• $79.5 million to replace and rehabilitate key components of the current fleet of 350 PA-5 rail cars, as part of PATH's maintenance cycle to ensure a continuing state of good repair. An additional $60 million was authorized for an overhaul of essential car components;
• $70.6 million for replacement and upgrade of PATH power substation No. 14, located at the railroad’s maintenance yard in Harrison. The approval covers engineering and architectural costs for design and implementation. The substation was badly damaged during Hurricane Sandy in 2012; and
• $29.9 million for interlocking and track work at the Hoboken PATH station to repair extensive damage caused by Hurricane Sandy.

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Posted by MidlandMike on Sunday, December 10, 2017 8:45 PM

What is NY Transit's take on the AirTrain project to LaGuardia.  Wasn't NYT thinking of extending the subway to the airport?

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Posted by Overmod on Sunday, December 10, 2017 9:03 PM

MidlandMike
Wasn't NYT thinking of extending the subway to the airport?

They can't.  Any residual lack of clarity about 'state' trans-Hudson operations was demonstrably addressed before the construction of the Holland Tunnel; MTA people wouldn't operate the train on the New Jersey portion of the trip.  (The arrangements to 'share' ownership or liability would likely be more difficult than the arrangement between Metro North and NJT regarding the Port Jervis service.)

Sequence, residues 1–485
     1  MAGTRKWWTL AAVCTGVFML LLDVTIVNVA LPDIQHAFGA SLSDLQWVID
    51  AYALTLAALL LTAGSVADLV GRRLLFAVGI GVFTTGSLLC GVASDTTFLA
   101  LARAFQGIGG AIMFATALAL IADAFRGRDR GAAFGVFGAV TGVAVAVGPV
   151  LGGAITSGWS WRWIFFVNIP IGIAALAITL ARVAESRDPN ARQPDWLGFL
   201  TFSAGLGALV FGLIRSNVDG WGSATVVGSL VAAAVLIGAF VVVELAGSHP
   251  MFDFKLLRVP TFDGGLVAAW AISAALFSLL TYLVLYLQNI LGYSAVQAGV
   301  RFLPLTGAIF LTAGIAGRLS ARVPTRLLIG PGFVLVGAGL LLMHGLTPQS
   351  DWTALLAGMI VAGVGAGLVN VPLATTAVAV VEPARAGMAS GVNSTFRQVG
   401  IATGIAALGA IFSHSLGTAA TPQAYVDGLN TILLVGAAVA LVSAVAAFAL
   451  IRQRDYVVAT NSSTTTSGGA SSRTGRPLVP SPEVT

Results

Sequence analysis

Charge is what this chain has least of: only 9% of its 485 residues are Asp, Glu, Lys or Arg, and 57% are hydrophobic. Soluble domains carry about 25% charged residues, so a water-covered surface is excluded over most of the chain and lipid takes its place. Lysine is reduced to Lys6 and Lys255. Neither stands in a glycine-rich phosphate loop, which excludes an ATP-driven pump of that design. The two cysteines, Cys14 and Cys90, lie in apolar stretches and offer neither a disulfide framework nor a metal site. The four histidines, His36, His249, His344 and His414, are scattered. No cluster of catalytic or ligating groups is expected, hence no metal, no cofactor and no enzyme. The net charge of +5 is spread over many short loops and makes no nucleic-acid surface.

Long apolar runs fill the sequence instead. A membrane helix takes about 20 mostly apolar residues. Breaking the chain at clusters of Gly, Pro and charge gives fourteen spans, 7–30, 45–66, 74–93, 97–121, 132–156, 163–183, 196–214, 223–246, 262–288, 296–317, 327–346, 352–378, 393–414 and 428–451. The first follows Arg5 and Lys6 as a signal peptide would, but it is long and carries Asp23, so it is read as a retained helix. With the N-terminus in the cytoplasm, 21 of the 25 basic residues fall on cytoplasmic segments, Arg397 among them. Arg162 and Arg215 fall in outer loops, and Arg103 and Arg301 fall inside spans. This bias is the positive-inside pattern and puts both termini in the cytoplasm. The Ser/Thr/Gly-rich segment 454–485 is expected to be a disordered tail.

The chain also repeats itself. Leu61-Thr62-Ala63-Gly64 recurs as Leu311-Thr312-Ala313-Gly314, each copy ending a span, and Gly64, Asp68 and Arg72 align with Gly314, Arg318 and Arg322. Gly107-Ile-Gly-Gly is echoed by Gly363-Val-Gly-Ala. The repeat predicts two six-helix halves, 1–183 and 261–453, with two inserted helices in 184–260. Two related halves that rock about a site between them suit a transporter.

Yes, I still think it would be a good idea to extend the #7 train to New Jersey.  Or Dave Klepper's proposed alternative ... although it looks as though maintenance on that line will pose headaches for quite a while.  The point is that there is no question of ability or authority involved in extending PATH to Newark Liberty; in fact, I am surprised that it has taken all these years to get around to doing it, and apparently when it's done the PATH trains still won't go to the terminal buildings directly.

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Posted by blue streak 1 on Monday, December 11, 2017 8:28 PM

The PATH tunnel bores (4) Are about what age ?  They were somewhat PRR vintage.  What are their condition compared to the Amtrak north river bores ?  Believe PATH was able to keep salt water  out of their tubes ? But didn't the lower Manhattan tube get flooded after 911 ? The article mentions ordering new cars.  Is the short length of the cars due to the tight curves of PATH and if so where are the most restrictive curves ?  Has PATH even addressed the eventual replacement of the tubes ?